European election results 2014: 8 things you need to know

 8 things you need to know about the EU election results
Ukip leader Nigel Farage smiles on stage after his party’s EU success (Picture: AP)

With the results of the European parliamentary elections now revealed, here’s everything you need to know about the results in Britain:

1. Ukip is now the biggest British party in the European parliament

Nigel Farage’s ‘people’s army’ has stormed the elections claiming 23 MEP seats and 27.5% of the vote, beating the Conservatives and Labour.

2. Turnout was just as low as in the 2009 European elections

34.19% of the electorate turned out to vote – slightly lower than the 2009 elections, where the turnout was 34.7%.

Talk of people recognising this year’s elections as ‘more important’ seems to have proved unfounded.

3. Nick Clegg’s Liberal Democrats endured another ugly defeat

The Lib Dems lost nine seats, leaving them with one sole MEP and 6.87% of the popular vote.

The clouds seem to be gathering for Mr Clegg’s leadership after a poor showing in this month’s local elections, where they lost 310 councillors and two councils.

Leader of the BNP Nick Griffin
BNP leader Nick Griffin is no longer an MEP (Picture: PA)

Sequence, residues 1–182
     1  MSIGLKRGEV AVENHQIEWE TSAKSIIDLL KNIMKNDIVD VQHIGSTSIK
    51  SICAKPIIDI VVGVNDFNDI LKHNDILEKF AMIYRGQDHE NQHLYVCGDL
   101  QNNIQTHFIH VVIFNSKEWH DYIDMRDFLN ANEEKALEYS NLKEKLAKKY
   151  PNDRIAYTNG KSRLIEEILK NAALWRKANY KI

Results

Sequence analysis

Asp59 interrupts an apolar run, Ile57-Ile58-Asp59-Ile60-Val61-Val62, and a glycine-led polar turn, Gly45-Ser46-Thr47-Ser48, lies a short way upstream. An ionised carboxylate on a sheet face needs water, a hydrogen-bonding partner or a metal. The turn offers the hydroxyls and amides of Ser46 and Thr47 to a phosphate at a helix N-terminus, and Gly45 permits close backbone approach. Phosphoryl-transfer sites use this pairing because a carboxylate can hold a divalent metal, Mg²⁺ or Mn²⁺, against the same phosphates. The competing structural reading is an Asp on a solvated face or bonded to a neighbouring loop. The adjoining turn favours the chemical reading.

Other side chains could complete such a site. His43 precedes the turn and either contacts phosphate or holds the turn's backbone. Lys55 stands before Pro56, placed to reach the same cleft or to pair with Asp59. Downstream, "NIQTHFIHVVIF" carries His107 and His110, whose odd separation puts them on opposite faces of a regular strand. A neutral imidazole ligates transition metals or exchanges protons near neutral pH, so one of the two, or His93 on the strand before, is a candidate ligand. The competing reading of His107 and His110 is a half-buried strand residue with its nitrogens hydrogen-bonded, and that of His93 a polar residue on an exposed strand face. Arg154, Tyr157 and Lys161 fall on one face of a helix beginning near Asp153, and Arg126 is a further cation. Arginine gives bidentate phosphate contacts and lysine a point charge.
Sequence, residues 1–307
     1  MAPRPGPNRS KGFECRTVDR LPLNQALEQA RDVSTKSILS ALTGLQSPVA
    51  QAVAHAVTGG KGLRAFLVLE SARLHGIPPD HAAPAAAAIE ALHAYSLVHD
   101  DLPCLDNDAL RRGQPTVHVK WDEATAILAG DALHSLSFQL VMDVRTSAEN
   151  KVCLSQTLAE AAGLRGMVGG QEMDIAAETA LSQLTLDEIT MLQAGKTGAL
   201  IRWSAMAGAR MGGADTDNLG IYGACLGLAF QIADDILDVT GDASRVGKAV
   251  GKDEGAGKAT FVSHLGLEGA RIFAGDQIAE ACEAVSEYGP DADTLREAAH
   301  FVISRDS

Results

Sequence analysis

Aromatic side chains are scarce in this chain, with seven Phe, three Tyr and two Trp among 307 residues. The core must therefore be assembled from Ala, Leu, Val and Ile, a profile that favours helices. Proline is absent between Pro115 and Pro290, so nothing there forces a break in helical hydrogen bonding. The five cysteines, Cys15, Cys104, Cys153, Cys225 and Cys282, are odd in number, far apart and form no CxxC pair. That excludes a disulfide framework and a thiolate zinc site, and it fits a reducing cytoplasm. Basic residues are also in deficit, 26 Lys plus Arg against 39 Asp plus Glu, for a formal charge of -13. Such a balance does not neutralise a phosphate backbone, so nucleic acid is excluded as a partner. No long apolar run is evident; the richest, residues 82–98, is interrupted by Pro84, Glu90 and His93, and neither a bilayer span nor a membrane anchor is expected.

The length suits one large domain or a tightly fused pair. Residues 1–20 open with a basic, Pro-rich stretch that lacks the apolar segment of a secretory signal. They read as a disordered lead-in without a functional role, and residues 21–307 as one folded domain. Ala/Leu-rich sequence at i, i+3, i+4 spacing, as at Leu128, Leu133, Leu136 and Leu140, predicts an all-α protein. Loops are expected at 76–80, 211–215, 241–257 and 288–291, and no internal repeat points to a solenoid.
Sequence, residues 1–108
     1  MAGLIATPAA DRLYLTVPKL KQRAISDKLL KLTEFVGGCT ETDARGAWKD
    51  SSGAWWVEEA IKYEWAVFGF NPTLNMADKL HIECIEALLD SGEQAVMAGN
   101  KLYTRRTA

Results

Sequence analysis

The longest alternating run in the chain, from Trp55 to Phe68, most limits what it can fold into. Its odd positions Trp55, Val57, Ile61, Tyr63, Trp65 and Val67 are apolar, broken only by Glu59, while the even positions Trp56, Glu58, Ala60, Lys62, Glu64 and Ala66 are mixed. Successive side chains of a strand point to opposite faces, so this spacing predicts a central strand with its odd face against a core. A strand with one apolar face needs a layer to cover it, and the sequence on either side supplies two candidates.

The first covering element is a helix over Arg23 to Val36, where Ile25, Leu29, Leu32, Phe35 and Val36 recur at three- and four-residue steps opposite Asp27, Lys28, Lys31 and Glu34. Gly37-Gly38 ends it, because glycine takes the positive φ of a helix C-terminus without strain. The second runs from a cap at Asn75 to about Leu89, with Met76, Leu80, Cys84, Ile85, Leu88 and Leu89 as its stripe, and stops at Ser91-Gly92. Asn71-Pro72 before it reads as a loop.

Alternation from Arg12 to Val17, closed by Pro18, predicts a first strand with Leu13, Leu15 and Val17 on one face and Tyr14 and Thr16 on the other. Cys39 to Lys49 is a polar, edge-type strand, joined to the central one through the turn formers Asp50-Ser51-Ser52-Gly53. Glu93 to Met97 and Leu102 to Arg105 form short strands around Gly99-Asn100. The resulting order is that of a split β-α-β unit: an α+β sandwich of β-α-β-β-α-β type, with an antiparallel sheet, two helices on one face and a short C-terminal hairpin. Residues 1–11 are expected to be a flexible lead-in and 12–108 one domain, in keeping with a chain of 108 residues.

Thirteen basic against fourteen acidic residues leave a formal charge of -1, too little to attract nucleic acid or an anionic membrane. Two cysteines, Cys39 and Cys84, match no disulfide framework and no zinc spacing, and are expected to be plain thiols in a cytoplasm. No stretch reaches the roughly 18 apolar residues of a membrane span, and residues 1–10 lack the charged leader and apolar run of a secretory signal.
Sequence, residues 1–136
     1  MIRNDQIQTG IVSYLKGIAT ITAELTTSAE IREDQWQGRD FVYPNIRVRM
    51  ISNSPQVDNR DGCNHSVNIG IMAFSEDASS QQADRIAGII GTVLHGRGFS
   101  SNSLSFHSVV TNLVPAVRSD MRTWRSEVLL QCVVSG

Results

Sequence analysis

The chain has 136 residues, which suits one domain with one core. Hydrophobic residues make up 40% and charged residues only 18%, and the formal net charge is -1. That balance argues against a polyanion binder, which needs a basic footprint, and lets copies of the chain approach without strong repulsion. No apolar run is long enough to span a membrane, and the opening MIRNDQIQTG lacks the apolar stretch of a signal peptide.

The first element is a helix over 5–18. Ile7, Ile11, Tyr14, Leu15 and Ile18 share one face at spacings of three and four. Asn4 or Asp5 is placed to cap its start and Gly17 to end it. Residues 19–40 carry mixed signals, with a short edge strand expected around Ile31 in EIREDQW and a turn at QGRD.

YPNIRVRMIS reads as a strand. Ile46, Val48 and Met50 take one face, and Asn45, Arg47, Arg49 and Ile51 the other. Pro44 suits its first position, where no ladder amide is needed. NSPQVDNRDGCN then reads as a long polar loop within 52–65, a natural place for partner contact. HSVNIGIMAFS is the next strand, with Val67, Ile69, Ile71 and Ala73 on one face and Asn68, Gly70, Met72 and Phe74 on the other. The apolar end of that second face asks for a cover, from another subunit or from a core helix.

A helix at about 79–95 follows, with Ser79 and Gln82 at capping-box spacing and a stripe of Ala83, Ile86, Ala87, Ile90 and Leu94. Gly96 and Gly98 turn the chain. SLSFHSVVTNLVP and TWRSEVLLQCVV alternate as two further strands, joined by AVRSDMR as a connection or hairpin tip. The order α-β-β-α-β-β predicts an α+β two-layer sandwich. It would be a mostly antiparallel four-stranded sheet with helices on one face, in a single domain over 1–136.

4. The BNP is no longer a European party

Nick Griffin’s controversial far right party has lost its only two seats in the European parliament, with the BNP securing just over 1% of the vote – a dip of approximately 5% from the 2009 elections.

5. Greens became the fourth biggest British party in Strasbourg

While their share of the popular vote has gone down (by 0.75%) they have picked up an extra MEP seat, giving them with three MEPs.

6. Conservatives have moved from first to joint second largest party in Europe

The Tories lost seven seats, leaving the party in joint second place in terms of seats with Labour. Both parties have 18 MEPs.

British Labour Party leader Ed Miliband leaves after speaking to journalists outside his house in North London on May 23, 2014, a day after the local council elections. Britain's UK Independence Party surged to its best ever performance in local council elections, according to results announced, giving the anti-EU and anti-immigration group hope for a similar breakthrough in European parliament polls. AFP PHOTO / JUSTIN TALLISJUSTIN TALLIS/AFP/Getty Images
The results were a good boost for Ed Miliband’s Labour (Picture: AFP/Getty)

7. Labour has made impressive progress in these elections

Miliband’s gang made electoral gains of 9%, leaving them with over 25% of the popular vote.

They snagged seven more seats, allowing them to catch up with the Conservatives.

8. This is not the general election

Whatever commentators will tell you, this is not the general election and the results here do not replicate themselves in the Commons.

Not only is it a different electoral system but also voter turnout for general elections is much higher (65% turnout in 2010).

So don’t count your chickens just yet Mr Farage…

26 May 2014 | 10:37 am – Source:

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